A new filing year for the heavy vehicle use tax (HVUT) is upon us, and this year's due date, August 31, 2018, is approaching quickly.

You're subject to the tax if:

  • You're registering a vehicle in your name;
  • The vehicle has a taxable gross weight of 55,000 pounds or more; and
  • You're using the vehicle on a public roadway.

The HVUT isn't overly complex, but there are still requirements surrounding this tax that can get you into trouble if you're not careful. We've compiled our top 10 filing tips to help you ensure you're filing correctly and following the rules.

  1. Make sure you have an EIN. An employer identification number (EIN) is required to file the HVUT. You cannot use your social security number. Obtaining a new EIN can take a couple weeks, so be sure to plan ahead.
  2. File on time. Penalties and interest can accrue when taxes aren't filed on time. But, there may be other adverse outcomes if the HVUT isn't filed in a timely manner. When registering a taxable vehicle, your state registration office will ask for proof of tax payment. If you do not have this proof, you can't register your vehicles. Filing and paying on time will ensure you're set when you need to complete your registration.
  3. Check your work. It never hurts to re-check your entries when you're about to file. A quick scan of your company details and your reported vehicle identification numbers can save you from having to file amended or corrected returns in the future.
  4. E-file. Electronic tax filing is required if you have 25 or more vehicles, but of course, all HVUT taxpayers are encouraged to file electronically. E-filing helps reduce errors, and it's much faster than filing on paper, which can take up to six weeks. When you e-file, you receive your proof of tax payment virtually immediately.
  5. Use a trustworthy firm to help you file. Don't fall victim to scams or unscrupulous third-party filers. J. J. Keller is a well-known trusted firm and an authorized IRS e-file provider.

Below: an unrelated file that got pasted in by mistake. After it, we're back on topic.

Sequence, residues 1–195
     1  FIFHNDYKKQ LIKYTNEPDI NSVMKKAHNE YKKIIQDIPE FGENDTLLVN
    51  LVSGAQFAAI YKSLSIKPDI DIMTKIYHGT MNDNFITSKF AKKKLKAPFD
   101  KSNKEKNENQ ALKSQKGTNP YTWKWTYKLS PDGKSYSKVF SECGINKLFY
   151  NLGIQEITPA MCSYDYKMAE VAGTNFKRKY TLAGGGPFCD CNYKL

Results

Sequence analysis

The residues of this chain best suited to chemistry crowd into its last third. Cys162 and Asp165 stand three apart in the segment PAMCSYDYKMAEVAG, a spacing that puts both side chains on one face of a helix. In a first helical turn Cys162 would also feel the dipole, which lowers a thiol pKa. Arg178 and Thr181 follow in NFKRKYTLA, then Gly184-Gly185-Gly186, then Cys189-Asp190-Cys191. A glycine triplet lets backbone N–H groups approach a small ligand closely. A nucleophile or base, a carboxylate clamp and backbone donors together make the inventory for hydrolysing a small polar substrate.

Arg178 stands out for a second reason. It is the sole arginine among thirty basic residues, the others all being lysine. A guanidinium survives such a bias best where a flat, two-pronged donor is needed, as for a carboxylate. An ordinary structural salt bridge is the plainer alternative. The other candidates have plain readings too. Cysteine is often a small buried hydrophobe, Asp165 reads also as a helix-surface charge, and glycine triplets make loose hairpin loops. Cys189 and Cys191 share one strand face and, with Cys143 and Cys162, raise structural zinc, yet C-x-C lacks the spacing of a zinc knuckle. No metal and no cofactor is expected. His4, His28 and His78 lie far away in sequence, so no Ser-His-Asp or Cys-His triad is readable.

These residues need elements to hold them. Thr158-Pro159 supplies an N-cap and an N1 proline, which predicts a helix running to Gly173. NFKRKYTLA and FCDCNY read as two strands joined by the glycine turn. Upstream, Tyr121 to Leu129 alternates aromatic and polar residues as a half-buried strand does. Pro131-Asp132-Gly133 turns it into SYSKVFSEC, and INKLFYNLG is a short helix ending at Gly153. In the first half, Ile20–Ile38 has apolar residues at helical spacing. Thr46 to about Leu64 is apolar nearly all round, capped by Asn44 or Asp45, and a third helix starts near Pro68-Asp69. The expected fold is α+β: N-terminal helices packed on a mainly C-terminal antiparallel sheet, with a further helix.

6. Suspend the tax if you can. If you believe you will operate a taxable vehicle 5,000 miles or less (7,500 for agricultural vehicles), you can suspend the tax. This means that you still file the HVUT for the vehicle, but you pay no tax.
  7. Be sure to claim your credits or refunds. If you paid the 2017-2018 HVUT for a vehicle, but the vehicle was sold, destroyed, or stolen, you can claim a tax credit or refund for the months in which you didn't use the vehicle. A tax credit or refund may also be claimed if you filed and paid for a vehicle in 2017-2018, but the vehicle ended up traveling fewer than 5,000 miles throughout the tax year (7,500 miles for agricultural vehicles). The credits can be claimed on your 2018-2019 HVUT Form 2290, or you can claim a refund on IRS Form 8849.
  8. Know when you might need to file again. You know that you need to file the HVUT annually, but did you know that there may be other reasons you need to file throughout the year? Additional filings are required if you add a taxable vehicle to your fleet or if you increase the taxable weight of a vehicle you've previously reported. If you suspended the tax on a vehicle, but end up operating the vehicle over the 5,000/7,500-mile limit at any point during the tax year, then you'll need to re-file and pay the tax at that time.
  9. Know your options for payment. The following payment options are available: electronic funds withdrawal, Electronic Federal Tax Payment System (EFTPS), credit or debit card payment, or check or money order. Beginning with the 2018 filings, the IRS started to accept payments by a credit or debit card. Note that credit or debit card payments are routed through a payment processor, who will charge a fee for their services.
  10. Keep proper records. You'll need to keep records for all taxable highway vehicles registered in your name for at least three years after the date the tax is due or paid, whichever is later. Be sure to keep copies of all returns and schedules you have filed, and keep your records even if a vehicle is registered in your name for only a portion of a period.

Taxes are complicated, but filing your HVUT doesn't need to be. Knowing what you're required to do, and when, can help assure your HVUT filings go smoothly.

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